Editorial: Let voters weigh in on police HQ
Lawrence city commissioners’ decision to move forward with building a new police headquarters without voter approval is not without risk.
Last week, commissioners approved a $255 million city budget for 2018 that increases the property tax rate by 1.25 mills. The mill levy increase will enable debt financing for $17 million for the first phase of the new police headquarters. A property tax increase for the purpose of issuing debt does not require a public vote under state law.
In 2014, Lawrence residents voted 52 percent to 48 percent to reject a 0.2 percent sales tax increase to pay for a $28 million police headquarters.
Commissioners see a big difference between the current proposal and the one voters turned down.
“Are we supposed to not make decisions as commissioners on issues that confront us?” Vice Mayor Stuart Boley said. “I think we’re doing our job by doing it this way. We have a responsibility to the police, who are our employees, and to the public, for whom we’re providing public safety. I think we have that responsibility and we’re meeting that responsibility.”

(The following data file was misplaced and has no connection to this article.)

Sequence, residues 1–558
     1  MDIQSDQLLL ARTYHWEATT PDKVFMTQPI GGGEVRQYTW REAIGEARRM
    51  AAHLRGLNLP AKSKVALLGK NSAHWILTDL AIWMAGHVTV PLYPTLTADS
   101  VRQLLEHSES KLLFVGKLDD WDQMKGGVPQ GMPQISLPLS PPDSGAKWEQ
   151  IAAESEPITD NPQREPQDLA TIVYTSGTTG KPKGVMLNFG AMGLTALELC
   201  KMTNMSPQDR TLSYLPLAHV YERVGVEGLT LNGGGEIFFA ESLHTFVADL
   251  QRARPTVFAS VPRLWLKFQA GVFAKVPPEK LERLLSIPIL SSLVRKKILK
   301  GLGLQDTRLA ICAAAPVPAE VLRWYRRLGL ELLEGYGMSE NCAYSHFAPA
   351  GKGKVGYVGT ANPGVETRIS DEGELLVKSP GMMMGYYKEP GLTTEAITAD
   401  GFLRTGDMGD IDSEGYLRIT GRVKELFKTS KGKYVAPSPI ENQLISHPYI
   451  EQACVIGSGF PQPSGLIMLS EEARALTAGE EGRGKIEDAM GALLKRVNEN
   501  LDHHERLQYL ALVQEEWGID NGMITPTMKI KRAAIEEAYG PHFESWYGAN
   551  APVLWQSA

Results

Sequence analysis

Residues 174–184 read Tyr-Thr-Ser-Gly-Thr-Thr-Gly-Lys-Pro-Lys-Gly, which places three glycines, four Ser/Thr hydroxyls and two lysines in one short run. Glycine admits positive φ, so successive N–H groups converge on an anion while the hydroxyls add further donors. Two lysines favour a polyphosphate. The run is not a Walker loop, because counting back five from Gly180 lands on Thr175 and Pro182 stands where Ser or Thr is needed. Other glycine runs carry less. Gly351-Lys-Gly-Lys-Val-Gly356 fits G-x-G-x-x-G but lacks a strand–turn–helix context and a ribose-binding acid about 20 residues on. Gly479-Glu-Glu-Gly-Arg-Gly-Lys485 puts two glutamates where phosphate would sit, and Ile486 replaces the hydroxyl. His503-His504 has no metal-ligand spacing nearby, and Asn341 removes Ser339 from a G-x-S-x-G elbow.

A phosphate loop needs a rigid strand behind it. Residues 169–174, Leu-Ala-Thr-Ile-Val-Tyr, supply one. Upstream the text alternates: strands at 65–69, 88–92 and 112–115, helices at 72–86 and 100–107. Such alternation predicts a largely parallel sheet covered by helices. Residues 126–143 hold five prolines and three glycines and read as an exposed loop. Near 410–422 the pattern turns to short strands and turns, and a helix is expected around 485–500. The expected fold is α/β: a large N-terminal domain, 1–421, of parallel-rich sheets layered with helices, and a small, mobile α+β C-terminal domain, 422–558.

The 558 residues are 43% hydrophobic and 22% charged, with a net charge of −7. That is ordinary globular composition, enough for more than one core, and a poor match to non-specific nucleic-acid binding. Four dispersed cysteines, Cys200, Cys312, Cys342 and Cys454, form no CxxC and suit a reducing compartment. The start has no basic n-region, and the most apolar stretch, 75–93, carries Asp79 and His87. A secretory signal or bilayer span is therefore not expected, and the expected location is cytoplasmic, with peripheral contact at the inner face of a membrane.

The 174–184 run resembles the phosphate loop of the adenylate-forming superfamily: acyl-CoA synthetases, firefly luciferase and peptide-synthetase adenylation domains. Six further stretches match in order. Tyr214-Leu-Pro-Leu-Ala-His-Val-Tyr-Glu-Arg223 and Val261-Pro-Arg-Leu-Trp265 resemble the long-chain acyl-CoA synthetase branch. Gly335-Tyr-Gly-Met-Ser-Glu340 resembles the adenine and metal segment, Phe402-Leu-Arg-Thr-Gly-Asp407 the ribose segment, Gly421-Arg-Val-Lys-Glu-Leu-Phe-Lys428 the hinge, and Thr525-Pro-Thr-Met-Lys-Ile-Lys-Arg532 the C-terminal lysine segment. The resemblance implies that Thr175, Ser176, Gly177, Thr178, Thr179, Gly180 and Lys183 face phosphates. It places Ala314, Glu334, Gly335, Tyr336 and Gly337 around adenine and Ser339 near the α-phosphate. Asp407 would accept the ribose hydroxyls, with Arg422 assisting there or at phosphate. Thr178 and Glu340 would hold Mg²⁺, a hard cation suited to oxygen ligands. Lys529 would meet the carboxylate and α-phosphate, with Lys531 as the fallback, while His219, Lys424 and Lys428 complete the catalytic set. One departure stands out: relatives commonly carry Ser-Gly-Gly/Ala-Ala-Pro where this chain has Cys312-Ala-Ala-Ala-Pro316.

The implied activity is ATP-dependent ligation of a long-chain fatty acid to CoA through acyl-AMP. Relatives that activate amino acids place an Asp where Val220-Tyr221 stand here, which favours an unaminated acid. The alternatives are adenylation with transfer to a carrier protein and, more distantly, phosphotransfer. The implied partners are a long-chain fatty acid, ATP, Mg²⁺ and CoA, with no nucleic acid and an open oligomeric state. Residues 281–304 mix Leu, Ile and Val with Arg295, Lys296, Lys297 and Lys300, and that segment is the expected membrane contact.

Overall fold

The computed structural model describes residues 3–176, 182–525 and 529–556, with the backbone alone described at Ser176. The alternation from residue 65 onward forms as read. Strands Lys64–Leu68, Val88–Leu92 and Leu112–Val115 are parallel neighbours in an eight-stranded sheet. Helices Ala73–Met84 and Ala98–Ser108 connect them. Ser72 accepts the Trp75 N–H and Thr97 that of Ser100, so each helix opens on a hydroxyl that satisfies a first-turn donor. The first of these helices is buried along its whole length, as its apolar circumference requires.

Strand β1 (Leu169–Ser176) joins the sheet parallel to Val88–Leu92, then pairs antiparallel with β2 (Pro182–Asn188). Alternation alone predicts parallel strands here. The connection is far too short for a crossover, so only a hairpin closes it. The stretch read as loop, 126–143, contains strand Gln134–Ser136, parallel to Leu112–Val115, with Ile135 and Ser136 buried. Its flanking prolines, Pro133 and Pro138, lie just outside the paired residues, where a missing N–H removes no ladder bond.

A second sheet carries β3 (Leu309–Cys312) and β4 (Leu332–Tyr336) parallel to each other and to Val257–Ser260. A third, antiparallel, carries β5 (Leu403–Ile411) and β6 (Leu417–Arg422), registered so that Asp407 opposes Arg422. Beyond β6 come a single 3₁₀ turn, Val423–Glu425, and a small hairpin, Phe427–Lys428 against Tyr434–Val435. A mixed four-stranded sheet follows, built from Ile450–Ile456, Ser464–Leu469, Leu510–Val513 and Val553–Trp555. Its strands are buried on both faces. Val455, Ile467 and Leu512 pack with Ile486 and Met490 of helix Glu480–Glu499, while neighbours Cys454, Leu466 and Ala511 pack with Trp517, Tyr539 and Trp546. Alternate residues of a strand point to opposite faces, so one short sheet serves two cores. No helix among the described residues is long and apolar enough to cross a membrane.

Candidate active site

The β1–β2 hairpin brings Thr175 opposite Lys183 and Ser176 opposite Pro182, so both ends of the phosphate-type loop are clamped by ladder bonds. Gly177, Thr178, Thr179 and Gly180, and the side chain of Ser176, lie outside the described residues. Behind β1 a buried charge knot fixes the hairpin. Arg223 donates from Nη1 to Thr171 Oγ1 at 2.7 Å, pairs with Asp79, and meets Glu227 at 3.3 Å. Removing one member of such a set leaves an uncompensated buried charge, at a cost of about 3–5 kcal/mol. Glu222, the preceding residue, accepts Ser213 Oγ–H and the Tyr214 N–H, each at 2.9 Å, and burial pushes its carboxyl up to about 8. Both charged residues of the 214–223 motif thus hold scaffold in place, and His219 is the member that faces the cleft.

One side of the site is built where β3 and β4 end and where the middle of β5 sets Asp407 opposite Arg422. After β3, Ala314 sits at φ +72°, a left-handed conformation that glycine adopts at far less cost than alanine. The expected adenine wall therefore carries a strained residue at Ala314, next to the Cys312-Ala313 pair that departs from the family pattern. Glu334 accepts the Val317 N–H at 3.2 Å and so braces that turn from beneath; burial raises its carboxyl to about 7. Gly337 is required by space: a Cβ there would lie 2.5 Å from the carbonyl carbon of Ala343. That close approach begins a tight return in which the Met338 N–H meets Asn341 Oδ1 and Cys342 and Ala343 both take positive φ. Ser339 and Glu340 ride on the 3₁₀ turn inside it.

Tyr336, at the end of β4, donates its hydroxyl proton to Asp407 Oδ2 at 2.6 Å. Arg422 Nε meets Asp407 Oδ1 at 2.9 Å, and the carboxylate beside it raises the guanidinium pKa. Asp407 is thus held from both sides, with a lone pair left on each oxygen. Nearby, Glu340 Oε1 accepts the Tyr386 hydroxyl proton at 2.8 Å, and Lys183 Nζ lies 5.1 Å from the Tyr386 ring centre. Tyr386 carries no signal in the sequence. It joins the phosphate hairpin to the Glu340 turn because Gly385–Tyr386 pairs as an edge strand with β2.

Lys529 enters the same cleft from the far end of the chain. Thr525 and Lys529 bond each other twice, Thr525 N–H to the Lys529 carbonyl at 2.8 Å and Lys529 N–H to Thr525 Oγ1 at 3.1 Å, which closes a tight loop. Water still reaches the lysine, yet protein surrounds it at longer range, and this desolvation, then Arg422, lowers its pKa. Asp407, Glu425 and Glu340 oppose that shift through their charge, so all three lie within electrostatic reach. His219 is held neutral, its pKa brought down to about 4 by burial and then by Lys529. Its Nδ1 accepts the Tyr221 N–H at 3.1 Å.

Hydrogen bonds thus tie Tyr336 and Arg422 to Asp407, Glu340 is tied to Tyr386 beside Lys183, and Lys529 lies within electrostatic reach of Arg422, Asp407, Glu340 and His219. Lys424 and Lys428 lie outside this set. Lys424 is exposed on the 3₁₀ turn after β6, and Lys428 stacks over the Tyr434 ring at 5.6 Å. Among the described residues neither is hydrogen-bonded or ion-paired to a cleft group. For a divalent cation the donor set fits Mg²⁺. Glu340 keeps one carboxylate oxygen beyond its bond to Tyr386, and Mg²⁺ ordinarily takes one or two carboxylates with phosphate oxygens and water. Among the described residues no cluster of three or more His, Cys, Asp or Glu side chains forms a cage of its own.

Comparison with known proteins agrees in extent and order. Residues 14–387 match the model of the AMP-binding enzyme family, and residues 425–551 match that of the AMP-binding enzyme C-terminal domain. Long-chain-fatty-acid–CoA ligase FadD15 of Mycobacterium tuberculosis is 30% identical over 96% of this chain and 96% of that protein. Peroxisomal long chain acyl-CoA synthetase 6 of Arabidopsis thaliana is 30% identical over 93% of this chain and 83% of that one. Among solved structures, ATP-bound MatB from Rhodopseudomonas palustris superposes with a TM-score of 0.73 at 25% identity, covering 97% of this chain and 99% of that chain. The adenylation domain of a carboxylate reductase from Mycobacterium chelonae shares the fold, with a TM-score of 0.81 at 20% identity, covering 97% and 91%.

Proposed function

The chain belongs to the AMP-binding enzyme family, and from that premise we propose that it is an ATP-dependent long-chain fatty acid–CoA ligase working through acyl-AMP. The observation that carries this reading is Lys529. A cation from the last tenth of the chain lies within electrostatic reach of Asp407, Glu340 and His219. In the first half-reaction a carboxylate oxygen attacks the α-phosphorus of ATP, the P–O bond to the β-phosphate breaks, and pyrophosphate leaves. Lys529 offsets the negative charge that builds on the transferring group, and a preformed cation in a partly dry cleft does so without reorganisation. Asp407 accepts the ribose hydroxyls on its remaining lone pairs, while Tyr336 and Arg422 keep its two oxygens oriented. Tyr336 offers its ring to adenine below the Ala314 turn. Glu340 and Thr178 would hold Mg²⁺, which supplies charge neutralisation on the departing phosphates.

Commissioners Mike Amyx and Matthew Herbert said they felt the 2014 vote was a rejection of the proposed sales tax increase, not of the police headquarters. Both voted to approve the 2018 budget as is with the police headquarters and property tax increase.
Mayor Leslie Soden was the only “no” vote against the budget. But she didn’t oppose the police headquarters per se; rather, she opposed increasing taxes to pay for it.
To be sure, there are distinct differences between the 2014 proposal and this year’s plan beyond the tax approach and the pricing. The 2014 project was to be built on property the city would have to purchase. The new project will be built in phases on land the city already owns, with one option being a property at the intersection of Overland Drive and Wakarusa Drive. That site could make it possible for the Douglas County Sheriff’s Office to locate on the site in the future.
But while they are different projects, the concepts are similar — a tax increase to fund construction of a police headquarters. Given how close the vote was in 2014, it would have been reasonable to think Lawrence voters would have supported this new, less costly proposal.
City commissioners are elected to make decisions on behalf of the residents they serve, and not every decision should be decided by public vote. But raising taxes to build a multimillion-dollar police headquarters is a decision that seems to warrant voter approval, and commissioners may regret not seeking it.